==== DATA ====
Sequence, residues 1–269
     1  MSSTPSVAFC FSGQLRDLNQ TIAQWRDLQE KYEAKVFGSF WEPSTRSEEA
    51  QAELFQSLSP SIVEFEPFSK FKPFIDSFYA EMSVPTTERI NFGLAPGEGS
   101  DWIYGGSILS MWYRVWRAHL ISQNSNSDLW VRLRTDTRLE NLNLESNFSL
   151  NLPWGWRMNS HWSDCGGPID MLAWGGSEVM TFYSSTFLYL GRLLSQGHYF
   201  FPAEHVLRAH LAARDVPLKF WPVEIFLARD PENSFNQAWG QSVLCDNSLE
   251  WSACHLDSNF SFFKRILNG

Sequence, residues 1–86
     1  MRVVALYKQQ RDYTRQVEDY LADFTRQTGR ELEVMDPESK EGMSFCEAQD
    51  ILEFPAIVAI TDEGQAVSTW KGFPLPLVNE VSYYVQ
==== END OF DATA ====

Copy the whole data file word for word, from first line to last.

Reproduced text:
Sequence, residues 1–269
     1  MSSTPSVAFC FSGQLRDLNQ TIAQWRDLQE KYEAKVFGSF WEPSTRSEEA
    51  QAELFQSLSP SIVEFEPFSK FKPFIDSFYA EMSVPTTERI NFGLAPGEGS
   101  DWIYGGSILS MWYRVWRAHL ISQNSNSDLW VRLRTDTRLE NLNLESNFSL
   151  NLPWGWRMNS HWSDCGGPID MLAWGGSEVM TFYSSTFLYL GRLLSQGHYF
   201  FPAEHVLRAH LAARDVPLKF WPVEIFLARD PENSFNQAWG QSVLCDNSLE
   251  WSACHLDSNF SFFKRILNG

Sequence, residues 1–86
     1  MRVVALYKQQ RDYTRQVEDY LADFTRQTGR ELEVMDPESK EGMSFCEAQD
    51  ILEFPAIVAI TDEGQAVSTW KGFPLPLVNE VSYYVQ